The problem with television is that when the people on it are telling you one thing, they are not telling you a lot of other things.
Television is what I call a linear medium. It streams information at you one batch at a time. In contrast, a newspaper is a horizontal medium. It presents you with a variety of information in its daily package, spread out so you can pick and choose what you wish to read.
Last week, when television cable news was obsessing over the Paris Hilton non-story, it was, of course, depriving viewers of news about much more important topics, such as the goings-on in Congress, the Iraq and Afghanistan wars, the economy, the environment and the energy crisis. It's hard to think of anything that is not more important than a silly heiress doing her time for violating the terms of her probation.
Then, to compound their sin of shallow-minded celebrity worship, some of the cable news people tried to blame it on Miss Hilton. That is obscenely stupid. The young woman goes places, but she has no power over the media, no way to manipulate them, no way to set their agenda. No celebrity commands the thundering herd of paparazzi and certainly does not make assignments for cable news shows.
I once got so disgusted with the pseudo-news on the cable channels than I canceled the service. Alas, I missed the old movies and the baseball games, so I've had it reconnected. Cable news is now worse than it ever was. The amount of factual information you can glean from watching cable news 24 hours a day wouldn't fill a 3-by-5 card.
Most of what passes for cable news is really television talk shows. Some of them interview print journalists, a dead giveaway to the fact that they do virtually no original reporting on their own. They don't seem to have many reporters. They have on-camera talent, people who stand in front of the camera and tell you in 30 seconds something the government has said. They are mouthpieces for the government.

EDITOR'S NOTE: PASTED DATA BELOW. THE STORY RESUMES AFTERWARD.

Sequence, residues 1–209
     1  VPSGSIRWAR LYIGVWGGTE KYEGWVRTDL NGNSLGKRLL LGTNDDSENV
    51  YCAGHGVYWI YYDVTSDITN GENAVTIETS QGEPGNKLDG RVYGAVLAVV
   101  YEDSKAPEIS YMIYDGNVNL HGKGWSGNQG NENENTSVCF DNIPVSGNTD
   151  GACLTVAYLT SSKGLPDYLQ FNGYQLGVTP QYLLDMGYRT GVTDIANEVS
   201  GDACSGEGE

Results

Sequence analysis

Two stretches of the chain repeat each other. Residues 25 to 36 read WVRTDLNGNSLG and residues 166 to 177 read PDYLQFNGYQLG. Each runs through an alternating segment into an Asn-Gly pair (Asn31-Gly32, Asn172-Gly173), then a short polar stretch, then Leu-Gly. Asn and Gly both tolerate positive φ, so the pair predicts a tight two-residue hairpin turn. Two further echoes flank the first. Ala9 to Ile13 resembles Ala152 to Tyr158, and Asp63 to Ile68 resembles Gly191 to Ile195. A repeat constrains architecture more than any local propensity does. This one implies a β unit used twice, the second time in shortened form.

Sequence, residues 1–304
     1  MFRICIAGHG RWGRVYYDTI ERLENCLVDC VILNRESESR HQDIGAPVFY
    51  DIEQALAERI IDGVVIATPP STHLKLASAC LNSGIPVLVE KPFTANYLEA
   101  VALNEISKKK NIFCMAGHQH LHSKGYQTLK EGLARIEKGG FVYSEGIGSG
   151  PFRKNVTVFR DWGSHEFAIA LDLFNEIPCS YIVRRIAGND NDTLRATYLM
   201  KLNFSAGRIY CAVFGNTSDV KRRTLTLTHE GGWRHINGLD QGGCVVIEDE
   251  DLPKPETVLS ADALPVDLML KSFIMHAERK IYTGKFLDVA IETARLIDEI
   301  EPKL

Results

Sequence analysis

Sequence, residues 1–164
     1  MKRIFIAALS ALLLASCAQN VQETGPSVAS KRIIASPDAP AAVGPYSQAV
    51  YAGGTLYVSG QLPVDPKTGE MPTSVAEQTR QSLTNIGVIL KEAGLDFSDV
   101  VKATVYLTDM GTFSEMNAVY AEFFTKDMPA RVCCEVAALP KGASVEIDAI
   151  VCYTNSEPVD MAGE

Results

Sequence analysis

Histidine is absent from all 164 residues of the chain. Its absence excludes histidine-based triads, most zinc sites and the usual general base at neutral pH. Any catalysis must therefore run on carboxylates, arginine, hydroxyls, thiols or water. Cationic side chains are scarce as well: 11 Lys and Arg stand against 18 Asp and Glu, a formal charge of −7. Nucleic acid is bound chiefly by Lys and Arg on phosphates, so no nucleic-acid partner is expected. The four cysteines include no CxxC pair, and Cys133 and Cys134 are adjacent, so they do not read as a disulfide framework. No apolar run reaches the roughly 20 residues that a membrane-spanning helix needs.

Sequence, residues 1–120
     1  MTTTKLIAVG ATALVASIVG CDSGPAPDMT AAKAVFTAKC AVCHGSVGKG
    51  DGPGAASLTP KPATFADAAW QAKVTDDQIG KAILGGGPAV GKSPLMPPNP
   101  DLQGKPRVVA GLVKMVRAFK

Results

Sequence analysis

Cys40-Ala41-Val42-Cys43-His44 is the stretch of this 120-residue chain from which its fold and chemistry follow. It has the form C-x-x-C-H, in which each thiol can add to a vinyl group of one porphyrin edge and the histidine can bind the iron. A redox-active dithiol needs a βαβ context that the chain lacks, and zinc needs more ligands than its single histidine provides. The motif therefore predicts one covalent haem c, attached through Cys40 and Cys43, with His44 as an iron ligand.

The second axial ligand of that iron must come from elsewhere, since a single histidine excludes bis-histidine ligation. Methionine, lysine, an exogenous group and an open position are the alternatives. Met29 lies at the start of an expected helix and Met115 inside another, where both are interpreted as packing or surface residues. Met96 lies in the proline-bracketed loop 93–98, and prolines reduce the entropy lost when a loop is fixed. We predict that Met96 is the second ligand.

Watch, for example, something that happens in the morning and note how little the announcers know about it. Then watch that evening and note how little they still know about it. In other words, they do virtually no reporting.
The other sin they commit is mixing trivia with the thin gruel they serve as news. If they get video of a police chase, a random murder, a flash flood, a warehouse fire or a monkey that sleeps with a dog, it goes on the air. Clearly they believe their only duty is to amuse you.
The trouble is, self-government doesn't work if the people are idiots. It doesn't work if you don't know what you need to know while your brain is cluttered up with trivia, tripe and non-sense. Unless you are a parent or a friend of a celebrity, there is zero need to know anything about the person.
Americans desperately need to read more, and to watch and listen less. The Founding Fathers played a dirty trick on people when they gave them a free society. You can coast in a dictatorship, but in a free society you have to work hard to stay informed so that you can make the right decisions at election time.
Newspapers have their faults, but if they vanish in the sea of functional illiteracy, it won't be long before the last semblance of a free society disappears along with them.
June 19, 2007
Charley Reese [send him mail] has been a journalist for 49 years.
© 2007 by King Features Syndicate, Inc.